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It has been a successful year at the RTC and we wish to express our gratitude to the U.S. Department of State - Bureau of International Narcotics and Law Enforcement Affairs (INL) - Office of Africa and Middle East Programs (INL/AME) for supporting the RTC’s mission of building the capacity of criminal justice officials in Ghana and other neighboring countries. The INL/AME program has also hosted high level dialogues and workshops that drive progress at the upper levels of Ghana’s security and justice institutions. This year’s course offerings covered a wide variety of topics including Domestic Violence, Anti-Money Laundering, Border Management, Investigating Financial Crimes, Improving Criminal Prosecutions and Enhancing Judicial Professional Development. In this blog post, we would love to particularly highlight two courses delivered in 2018 which were very critical in responding to the current criminal justice needs in Ghana.
The first was the magistrate training on bails, appeals and international matters facilitated by the US Embassy Resident Legal Advisor (RLA) and the Director of the Judicial Training Institute (JTI) - Honorable Sir Dennis Adjei. The training brought together judges, prosecutors and law enforcement officers who handle a wide range of matters critical to the effective and efficient operation of the criminal justice sector, particularly on laws governing prisoners. This training focused on updates in the law on bail, criminal appeals, and practical advice on conducting extradition hearings. It also touched on judicial ethics and case management SOP’s as well as best practices to process Mutual Legal Assistance (MLAT) requests. The second session of this training was conducted for prison officers, paralegals and attorneys who are the frontline of human right issues in prisons. Participants familiarized themselves with regulations governing bails and expired warrants of remand prisoners and inmates while increasing their knowledge on pre/post trial matters and the best way to handle human rights issues involved with prisoners.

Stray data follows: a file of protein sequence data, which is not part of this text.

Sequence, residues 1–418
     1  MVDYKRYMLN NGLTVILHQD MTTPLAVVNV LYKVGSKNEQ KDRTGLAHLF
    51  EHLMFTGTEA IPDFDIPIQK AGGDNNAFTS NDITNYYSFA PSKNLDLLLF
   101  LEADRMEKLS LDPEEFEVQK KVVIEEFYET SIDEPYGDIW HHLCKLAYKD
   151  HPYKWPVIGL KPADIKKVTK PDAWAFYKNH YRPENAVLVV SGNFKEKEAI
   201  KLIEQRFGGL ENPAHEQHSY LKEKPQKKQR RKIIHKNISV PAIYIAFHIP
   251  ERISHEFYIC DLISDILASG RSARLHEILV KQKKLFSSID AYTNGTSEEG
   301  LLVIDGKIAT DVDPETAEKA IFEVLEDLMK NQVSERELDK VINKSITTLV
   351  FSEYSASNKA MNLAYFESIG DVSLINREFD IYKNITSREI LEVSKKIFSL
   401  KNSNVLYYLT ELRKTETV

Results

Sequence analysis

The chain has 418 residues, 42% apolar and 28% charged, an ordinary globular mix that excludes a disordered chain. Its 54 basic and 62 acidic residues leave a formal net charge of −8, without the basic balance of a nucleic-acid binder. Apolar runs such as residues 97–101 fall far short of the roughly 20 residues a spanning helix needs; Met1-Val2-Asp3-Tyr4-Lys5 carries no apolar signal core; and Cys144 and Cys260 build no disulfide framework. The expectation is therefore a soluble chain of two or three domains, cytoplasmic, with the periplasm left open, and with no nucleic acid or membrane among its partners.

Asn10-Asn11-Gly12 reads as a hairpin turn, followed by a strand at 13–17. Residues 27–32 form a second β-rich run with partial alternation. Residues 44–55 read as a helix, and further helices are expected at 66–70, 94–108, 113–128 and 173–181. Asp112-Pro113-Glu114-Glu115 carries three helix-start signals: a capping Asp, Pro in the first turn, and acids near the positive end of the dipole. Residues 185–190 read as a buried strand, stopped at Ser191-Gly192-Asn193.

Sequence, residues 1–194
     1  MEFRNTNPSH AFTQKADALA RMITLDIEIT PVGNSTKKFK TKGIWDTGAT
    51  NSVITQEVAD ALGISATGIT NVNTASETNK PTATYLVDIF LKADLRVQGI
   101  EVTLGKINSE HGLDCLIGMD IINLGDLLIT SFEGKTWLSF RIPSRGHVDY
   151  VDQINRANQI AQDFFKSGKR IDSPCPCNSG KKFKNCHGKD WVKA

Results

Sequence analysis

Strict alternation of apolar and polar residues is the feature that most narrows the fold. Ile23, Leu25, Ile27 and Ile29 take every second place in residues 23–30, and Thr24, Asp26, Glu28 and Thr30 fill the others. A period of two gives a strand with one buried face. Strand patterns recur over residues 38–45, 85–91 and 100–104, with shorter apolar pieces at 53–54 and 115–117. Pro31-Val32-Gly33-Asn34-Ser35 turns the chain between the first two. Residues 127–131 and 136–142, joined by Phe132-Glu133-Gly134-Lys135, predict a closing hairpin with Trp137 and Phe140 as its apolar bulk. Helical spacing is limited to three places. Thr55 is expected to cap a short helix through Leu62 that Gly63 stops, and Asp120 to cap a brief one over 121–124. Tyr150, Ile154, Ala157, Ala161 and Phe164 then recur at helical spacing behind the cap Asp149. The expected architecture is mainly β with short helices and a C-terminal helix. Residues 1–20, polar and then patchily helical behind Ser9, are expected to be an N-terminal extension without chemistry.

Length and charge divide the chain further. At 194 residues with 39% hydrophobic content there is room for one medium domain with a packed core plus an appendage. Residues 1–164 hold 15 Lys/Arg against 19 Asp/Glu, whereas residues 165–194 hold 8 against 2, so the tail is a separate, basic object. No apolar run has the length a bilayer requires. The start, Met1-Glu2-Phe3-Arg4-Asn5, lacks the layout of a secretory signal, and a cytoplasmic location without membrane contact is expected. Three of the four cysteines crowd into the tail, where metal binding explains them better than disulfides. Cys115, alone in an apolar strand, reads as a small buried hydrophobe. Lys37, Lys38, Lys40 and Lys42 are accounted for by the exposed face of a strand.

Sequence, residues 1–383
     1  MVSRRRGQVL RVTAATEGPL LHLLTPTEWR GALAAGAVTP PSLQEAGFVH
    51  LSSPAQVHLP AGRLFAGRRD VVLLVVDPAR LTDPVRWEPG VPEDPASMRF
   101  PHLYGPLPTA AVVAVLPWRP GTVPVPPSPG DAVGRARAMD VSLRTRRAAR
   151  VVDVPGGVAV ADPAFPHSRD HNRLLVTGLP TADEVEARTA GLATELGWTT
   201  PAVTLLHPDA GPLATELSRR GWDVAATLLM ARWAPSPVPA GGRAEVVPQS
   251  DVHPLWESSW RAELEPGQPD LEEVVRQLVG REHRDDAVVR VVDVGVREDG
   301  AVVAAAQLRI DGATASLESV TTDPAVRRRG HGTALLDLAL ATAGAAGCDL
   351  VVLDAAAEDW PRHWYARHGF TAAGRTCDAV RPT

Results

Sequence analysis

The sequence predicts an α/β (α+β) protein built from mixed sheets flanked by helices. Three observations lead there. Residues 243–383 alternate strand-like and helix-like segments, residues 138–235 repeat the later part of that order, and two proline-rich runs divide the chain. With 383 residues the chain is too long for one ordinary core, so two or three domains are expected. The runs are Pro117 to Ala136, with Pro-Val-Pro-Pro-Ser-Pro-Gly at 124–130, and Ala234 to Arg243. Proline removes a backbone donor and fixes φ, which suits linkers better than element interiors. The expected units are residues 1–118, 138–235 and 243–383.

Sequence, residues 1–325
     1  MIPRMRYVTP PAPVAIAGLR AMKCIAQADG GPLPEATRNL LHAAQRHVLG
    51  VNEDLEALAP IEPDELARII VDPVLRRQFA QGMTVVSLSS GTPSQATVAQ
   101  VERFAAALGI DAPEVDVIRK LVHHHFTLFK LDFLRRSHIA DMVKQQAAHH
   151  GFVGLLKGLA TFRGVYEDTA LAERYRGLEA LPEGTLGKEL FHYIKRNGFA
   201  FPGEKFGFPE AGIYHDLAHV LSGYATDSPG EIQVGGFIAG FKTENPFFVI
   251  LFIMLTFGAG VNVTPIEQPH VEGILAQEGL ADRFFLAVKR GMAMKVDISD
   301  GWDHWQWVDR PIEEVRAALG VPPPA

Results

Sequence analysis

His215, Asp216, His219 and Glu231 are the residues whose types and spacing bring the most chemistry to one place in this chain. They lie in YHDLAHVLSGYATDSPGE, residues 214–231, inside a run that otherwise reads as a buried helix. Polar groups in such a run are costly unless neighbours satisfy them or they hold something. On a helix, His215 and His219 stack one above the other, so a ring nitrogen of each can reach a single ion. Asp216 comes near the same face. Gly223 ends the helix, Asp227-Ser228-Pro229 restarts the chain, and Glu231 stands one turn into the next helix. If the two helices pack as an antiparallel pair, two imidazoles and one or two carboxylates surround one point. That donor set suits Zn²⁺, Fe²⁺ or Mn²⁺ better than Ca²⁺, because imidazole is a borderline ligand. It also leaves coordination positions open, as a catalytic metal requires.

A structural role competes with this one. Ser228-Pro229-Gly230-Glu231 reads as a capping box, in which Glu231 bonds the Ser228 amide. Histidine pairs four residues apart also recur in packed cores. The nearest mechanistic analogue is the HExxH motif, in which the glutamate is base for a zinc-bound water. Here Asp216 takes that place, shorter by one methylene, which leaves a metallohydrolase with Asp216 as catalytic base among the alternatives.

The second course we would like to highlight is the Cyber Investigation Training which was delivered in three (3) phases: Basic Digital Evidence Identification and Collection; Cyber Investigative Techniques; and Digital Forensics and Moot Court. The (3) three-part training series was hosted for the same group of Investigators from Ghana, Togo, Burkina Faso and Nigeria between April and September. The intent of this training series was to provide investigators with the appropriate forensic tools and techniques needed to identify, collect, analyze and preserve digital evidence. Each phase of the training presented participants with advanced knowledge on how to address the growing threat of financial crime via digital space and most importantly how to properly tender digital evidence in court. Kudos to the FBI Legal Attaché and his team of subject matter experts who facilitated course instructions throughout the period.
We would like to congratulate all participants for their contributions and we look forward to hearing great successes following the end of this intense course series.
Happy New Year!!